Interview with Daphne Dumont

  • August 30, 2019
  • Veronica Singer

Daphne E. Dumont,  C.M., Q.C, is this year’s recipient of the Cecilia I. Johnstone Award. The 2019 Award will be presented during the Cecilia Johnstone Award Luncheon on October 19, the second day of the Leadership Conference for Professional Women. Dumont was one of the first women lawyers in PEI. She was the first female president of the PEI CBA and President of the national CBA in 2000-01.

What made you choose to practice law?

It was more an intellectual interest than a practical one. I was a philosophy and history student at Queen’s University with no concrete plans for the future, other than a vague idea of perhaps being a history teacher. As part of the philosophy program I took some jurisprudence courses at the law school. I found legal theory, and looking a questions of justice, most interesting. I also have lawyers in my family. So, in third year, I took the LSAT for fun, did very well and applied to law school...and I haven’t looked back.

What has been your experience as a woman in law? How has it changed since your career started, and where do we still need to go?

Overall, despite some minor, yet intense annoyances, my experience as a woman in law has been very positive. I started practicing and advocating for women at a time of very significant inequities, so I experienced much more frustration in advocating for my clients than I experienced myself as a practitioner. I was only the fourth woman called to the bar in PEI, and we were a very collegial little group. In law school, maybe because we were so few women, I found the environment very open. It changed in the eighties as the number of women in law schools grew, and we were perceived by some as a potential threat.

In addition to my practice, I got involved with LEAF, NAWL, and the CBA, so I had real, hands-on, “let’s make life better” experiences. Once the Charter came in and we had more tools to work with, it got even more exciting. And the women I had the opportunity to meet and work with in all these organizations, were astonishing!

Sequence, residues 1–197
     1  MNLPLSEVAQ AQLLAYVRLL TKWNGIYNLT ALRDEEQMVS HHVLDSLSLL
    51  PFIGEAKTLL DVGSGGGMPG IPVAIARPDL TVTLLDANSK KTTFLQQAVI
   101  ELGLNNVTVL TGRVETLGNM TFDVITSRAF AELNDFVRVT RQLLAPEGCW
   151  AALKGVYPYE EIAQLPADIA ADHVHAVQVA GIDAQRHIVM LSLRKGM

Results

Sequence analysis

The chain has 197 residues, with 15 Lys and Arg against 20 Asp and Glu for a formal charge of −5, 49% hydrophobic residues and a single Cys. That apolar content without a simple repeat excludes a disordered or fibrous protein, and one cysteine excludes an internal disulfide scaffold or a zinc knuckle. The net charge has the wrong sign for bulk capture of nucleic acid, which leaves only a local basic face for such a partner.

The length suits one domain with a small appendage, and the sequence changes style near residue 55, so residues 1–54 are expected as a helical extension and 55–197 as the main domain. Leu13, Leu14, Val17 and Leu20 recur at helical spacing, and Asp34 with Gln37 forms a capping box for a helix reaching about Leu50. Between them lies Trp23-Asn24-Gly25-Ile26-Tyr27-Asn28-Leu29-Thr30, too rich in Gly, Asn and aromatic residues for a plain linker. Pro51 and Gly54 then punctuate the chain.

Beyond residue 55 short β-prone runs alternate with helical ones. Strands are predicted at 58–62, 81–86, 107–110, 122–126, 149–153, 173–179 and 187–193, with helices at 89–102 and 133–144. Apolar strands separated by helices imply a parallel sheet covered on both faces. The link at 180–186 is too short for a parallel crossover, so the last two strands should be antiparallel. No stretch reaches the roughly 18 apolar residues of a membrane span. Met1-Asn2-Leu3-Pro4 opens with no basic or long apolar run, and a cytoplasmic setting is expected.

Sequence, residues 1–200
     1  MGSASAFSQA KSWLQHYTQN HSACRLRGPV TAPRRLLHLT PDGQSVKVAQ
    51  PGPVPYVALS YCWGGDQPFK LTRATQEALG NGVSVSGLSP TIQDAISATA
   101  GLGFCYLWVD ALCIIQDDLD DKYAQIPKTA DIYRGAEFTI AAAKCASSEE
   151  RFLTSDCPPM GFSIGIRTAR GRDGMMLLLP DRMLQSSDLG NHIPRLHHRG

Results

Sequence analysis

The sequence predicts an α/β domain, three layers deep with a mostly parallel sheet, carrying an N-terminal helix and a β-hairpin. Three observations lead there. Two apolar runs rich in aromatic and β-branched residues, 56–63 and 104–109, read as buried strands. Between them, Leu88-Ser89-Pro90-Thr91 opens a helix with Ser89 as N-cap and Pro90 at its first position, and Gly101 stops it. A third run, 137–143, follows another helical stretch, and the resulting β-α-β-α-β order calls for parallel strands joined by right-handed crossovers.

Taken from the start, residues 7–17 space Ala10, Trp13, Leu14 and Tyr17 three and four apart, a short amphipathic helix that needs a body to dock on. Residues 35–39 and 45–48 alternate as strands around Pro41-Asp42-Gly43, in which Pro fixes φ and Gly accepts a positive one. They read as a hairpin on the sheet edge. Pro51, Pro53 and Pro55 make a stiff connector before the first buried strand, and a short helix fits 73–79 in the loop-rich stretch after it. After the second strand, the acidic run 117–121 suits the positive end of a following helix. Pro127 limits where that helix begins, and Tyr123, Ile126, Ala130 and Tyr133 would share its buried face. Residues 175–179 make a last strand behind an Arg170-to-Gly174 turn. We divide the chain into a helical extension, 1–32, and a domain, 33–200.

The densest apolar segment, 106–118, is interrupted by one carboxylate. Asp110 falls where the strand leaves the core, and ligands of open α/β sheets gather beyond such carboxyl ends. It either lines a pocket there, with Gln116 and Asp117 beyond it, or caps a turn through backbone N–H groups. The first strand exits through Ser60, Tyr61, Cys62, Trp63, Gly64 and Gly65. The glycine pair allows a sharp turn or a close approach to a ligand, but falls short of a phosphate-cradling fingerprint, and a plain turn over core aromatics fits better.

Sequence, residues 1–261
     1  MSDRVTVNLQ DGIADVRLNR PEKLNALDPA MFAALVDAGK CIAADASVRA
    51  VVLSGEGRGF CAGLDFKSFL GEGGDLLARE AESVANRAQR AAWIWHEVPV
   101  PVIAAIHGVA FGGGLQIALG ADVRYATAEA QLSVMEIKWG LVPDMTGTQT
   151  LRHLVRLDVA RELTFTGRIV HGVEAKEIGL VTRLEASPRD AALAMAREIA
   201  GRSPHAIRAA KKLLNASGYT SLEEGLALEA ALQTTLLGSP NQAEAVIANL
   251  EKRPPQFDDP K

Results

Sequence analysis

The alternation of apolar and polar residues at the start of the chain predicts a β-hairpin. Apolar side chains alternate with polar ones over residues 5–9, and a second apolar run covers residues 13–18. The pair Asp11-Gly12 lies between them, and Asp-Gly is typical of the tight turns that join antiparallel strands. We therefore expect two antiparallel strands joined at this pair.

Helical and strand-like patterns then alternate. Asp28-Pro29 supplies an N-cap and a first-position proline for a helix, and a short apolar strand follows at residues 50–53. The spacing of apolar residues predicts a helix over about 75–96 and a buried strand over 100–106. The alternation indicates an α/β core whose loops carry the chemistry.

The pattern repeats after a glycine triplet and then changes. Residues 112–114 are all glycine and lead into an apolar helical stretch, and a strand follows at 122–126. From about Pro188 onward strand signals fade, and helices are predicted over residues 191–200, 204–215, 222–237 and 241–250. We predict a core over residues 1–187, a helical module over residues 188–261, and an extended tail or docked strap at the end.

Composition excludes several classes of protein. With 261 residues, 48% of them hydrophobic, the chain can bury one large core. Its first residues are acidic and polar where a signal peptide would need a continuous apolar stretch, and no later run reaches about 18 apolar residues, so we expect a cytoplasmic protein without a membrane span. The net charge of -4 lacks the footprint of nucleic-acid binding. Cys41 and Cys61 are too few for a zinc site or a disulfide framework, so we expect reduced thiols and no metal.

Finally, in retrospect, my own experience has had its difficult and lonesome times. Being a feminist divorce lawyer could be a reason I never married—but I am definitely a very happy single person.

The biggest change I have seen is the phenomenal number of female colleagues I now have. There are more women in the bar, on the bench, and in organizations such as law societies and the CBA. There are women jurors, and prosecutors, where there weren’t any when I started. It is now absolutely normal for women to be lawyers. And I have to say that all these shoes now filled by women are filled by absolutely phenomenal women. There are no failures.

We do still have a way to go. Young lawyers tell me there are still some archaic assumptions in the day-to-day management of a firm. The “housekeeping” type activities such as planning events, still fall primarily to women. Now that women have access to committees, they are often the ones doing the bulk of the work.

One of the biggest challenges to women in law remains balancing family and professional obligations. Oftentimes pregnancy comes at that same time as potential partnership, so many women leave private practice for government, where leave opportunities are greater. While things are beginning to change, men are still reluctant to take parenting leave, so the burden remains more heavily on women.

While it is changing, family law (which I practice) is still a bit of a “ghetto”. There persists the view that family concerns don’t rank as highly as others. This is despite the fact that family law requires great skills to negotiate solutions within ongoing relationships. This is very difficult work which does not get the credit it deserves.

What advice would you give your younger self?

  1. Don’t take on so much. Focus on the many, many things you got done, rather than the few you didn’t.
  2.  Be tougher financially. Value your own work. I often overburdened and undervalued myself.
  3. Travel, take time off and enjoy – don’t just work. Find committee work that comes with travel.
  4. Don’t turn down opportunities. Don’t be afraid. Say yes to a challenge.

Tell us one thing about you that most people don’t know.

I can tell you three.

  1. I actually, really do NOT want to be a judge. 
  2. Sometimes I feel very nervous about things which in our profession require confidence.
  3. I have a Presbyterian conscience my good friends have named “Zelda”.  She drives me hard, telling me I am never quite good enough.  And, still having a critical voice in my head, receiving such special recognition allows me to send Zelda away on a long trip, and truly enjoy what I have achieved.